Without a doubt, this past year has been one of the most unusual and memorable of my life, in no small part thanks to tea.  A year and a half ago, when I discovered that I would be leaving my working home (Citigroup) of almost 26 years at the end of December 2007, my feelings, understandably, were mixed.  For many years, I had moved blissfully through my workdays, assuming that I would be there until I was ready to retire.  I loved the challenges of my job almost as much as I loved my colleagues, many of whom had become good friends.  But frankly, finance and banking had never been passions of mine, so faced with the unexpected opportunity to start fresh, it never even crossed my mind to continue down the same path.

When the first waves of change began to blow at Citigroup almost three years ago, I started to dream, ever so tentatively at first, of opening a teahouse.  Little by little, my dream took shape and before long, it was easy to conjure up a detailed image of my eco-friendly, organic tea-only teahouse, inspired by the yalis (mansions built by the pashas during the waning century of the Ottoman Empire) along the Bosporus in Istanbul.  I became a sponge, soaking up everything tea.  True tea versus tisanes, types of teas, the tea-producing regions of the world, the history and legacy of tea, the health benefits of tea, and the health of the tea industry: all aspects of tea were equally fascinating.  When I left Citigroup on December 28, 2007, I stepped directly from the world of finance and banking into the world of tea.  There was no time to mourn—I was on a mission.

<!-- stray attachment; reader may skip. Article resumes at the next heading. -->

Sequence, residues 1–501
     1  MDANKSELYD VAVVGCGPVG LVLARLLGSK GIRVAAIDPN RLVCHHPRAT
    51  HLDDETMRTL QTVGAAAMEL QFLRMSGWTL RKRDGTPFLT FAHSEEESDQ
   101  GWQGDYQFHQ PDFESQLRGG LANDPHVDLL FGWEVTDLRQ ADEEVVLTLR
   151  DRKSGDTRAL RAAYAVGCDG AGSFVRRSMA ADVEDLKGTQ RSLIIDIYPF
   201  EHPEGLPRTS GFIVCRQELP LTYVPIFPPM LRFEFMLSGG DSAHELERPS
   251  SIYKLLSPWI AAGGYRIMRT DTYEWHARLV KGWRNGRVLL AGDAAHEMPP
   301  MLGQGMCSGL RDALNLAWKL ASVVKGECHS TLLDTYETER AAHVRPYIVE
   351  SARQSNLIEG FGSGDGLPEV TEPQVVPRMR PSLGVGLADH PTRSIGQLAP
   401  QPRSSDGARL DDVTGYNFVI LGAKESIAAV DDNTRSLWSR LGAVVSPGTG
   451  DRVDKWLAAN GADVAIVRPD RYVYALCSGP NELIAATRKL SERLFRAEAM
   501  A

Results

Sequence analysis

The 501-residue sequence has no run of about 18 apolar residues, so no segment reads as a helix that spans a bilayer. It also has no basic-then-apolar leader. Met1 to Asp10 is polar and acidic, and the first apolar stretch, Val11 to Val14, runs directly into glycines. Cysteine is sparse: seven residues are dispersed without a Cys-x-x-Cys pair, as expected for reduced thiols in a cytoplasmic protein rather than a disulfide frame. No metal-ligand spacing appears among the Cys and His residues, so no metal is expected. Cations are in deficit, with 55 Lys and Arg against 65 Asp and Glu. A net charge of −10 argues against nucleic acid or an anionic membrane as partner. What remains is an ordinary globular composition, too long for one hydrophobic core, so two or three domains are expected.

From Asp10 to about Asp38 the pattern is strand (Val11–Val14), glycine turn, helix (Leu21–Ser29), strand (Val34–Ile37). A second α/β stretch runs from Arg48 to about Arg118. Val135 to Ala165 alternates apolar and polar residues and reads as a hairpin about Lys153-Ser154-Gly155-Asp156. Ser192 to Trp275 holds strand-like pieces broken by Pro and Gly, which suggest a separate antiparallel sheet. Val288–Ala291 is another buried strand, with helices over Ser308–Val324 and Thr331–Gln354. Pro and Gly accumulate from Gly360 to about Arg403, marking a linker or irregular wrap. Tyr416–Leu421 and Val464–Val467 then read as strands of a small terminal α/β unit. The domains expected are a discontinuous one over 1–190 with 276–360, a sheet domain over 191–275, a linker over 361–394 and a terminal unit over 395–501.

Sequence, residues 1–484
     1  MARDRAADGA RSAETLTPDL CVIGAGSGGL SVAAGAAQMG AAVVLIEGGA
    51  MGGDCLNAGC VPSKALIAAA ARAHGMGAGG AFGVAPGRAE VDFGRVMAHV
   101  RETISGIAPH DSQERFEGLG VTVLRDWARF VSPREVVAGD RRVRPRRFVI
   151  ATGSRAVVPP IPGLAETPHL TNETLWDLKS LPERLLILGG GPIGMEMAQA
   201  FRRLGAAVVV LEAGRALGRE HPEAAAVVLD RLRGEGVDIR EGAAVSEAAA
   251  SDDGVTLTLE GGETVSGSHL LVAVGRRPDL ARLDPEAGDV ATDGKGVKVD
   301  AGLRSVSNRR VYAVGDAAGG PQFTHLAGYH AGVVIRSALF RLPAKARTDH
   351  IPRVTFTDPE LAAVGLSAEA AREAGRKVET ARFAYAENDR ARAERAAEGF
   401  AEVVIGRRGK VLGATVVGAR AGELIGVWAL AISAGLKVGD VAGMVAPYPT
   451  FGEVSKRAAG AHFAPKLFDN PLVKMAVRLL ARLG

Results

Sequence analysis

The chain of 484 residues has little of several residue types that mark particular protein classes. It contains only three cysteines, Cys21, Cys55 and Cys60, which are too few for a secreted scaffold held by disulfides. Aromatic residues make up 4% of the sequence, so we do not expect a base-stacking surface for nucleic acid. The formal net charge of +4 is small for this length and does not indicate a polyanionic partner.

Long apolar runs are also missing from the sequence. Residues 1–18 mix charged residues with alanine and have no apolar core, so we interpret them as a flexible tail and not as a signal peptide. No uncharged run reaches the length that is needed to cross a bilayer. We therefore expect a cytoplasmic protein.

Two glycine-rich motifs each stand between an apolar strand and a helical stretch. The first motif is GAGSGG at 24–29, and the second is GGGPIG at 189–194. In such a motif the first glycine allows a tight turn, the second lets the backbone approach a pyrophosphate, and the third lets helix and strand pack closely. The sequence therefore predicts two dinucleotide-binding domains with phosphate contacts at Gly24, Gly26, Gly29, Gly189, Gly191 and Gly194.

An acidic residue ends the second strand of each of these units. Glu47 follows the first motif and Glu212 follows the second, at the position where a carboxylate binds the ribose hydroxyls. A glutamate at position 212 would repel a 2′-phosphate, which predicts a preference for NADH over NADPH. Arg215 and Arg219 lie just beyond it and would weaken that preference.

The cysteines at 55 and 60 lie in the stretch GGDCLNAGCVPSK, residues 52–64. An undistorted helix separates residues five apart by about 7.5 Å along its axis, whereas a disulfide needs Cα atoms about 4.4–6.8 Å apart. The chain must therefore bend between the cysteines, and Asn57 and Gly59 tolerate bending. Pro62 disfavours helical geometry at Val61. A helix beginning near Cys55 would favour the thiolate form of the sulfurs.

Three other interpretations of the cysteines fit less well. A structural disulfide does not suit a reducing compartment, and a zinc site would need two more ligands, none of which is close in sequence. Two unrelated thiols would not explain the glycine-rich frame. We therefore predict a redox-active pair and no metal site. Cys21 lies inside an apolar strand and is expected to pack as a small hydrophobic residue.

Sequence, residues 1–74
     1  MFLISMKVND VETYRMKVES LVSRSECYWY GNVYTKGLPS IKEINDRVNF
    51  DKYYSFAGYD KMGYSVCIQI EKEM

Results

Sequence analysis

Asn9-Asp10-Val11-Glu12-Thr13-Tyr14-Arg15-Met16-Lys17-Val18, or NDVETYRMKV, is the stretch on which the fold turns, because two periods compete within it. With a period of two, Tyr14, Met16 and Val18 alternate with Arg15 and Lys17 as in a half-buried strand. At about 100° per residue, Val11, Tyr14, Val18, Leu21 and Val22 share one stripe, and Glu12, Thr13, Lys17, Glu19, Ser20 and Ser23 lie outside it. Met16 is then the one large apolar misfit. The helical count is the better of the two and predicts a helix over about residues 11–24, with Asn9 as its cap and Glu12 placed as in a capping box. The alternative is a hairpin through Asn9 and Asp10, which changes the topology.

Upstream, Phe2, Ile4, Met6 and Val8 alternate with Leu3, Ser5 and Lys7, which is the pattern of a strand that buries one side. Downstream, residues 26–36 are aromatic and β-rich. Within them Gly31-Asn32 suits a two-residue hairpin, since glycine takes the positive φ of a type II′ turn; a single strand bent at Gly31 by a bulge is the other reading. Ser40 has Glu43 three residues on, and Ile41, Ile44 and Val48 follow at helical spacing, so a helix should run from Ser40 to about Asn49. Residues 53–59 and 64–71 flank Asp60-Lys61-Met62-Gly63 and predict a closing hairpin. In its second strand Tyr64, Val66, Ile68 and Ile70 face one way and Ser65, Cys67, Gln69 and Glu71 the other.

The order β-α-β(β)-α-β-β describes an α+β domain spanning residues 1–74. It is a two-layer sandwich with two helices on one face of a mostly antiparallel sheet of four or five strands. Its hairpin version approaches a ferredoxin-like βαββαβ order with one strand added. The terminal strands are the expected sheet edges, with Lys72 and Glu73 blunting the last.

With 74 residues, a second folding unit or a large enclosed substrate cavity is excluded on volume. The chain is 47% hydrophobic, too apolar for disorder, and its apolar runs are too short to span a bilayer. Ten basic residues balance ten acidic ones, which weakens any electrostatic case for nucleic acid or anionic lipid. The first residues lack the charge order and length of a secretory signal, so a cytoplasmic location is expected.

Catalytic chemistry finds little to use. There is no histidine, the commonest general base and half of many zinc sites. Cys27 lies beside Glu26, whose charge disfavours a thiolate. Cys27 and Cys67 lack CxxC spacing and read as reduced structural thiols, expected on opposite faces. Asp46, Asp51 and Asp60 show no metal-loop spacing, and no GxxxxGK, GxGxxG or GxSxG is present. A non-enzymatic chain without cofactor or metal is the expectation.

I began my year writing my business plan, a three-month odyssey that thrust me into many new and wonderful situations.  Like the morning I met with the Sri Lankan Consul General in Los Angeles, who had just been appointed the new Sri Lankan Ambassador to the United States, and his Commercial Attache to discuss Ceylon tea and the various tea growing regions in Sri Lanka.  It was a lovely morning that culminated in sharing a pot of Ceylon tea, much different than past visits to other consulates.

At the same time, I rediscovered the public library. I didn’t know of the wealth of information it offered to small business owners.  Spending time in amongst the books brought back fond memories of the many hours I passed in libraries during my days as a student.

Not long after my business plan was complete, I jetted off to Las Vegas (not a place I usually associate with tea) to attend the inaugural New Business Boot Camp for tea entrepreneurs and the World Tea Expo.  What a world of possibilities and new friends that experience afforded me!  Here I was in my element and got to hobnob with tea celebrities like Jane Pettigrew and Bruce Richardson as well!

I returned home newly energized and ready to move forward with my plans, which I did.  I completed a business bookkeeping course, investigated financing options, met with folks at the local Small Business Development Center, and visited potential locations.  I left no stone unturned.  But sadly, when it came time to do the final analysis, the numbers were simply not strong enough to support the risk.  After months of hard work, it was again time to move on.

But as sad as it was to table my dream, I did so with no regrets and with a new world at my footsteps…the wonderful world of tea, with its amazing variety, its health-affirming properties, and its legacy of bringing people together.

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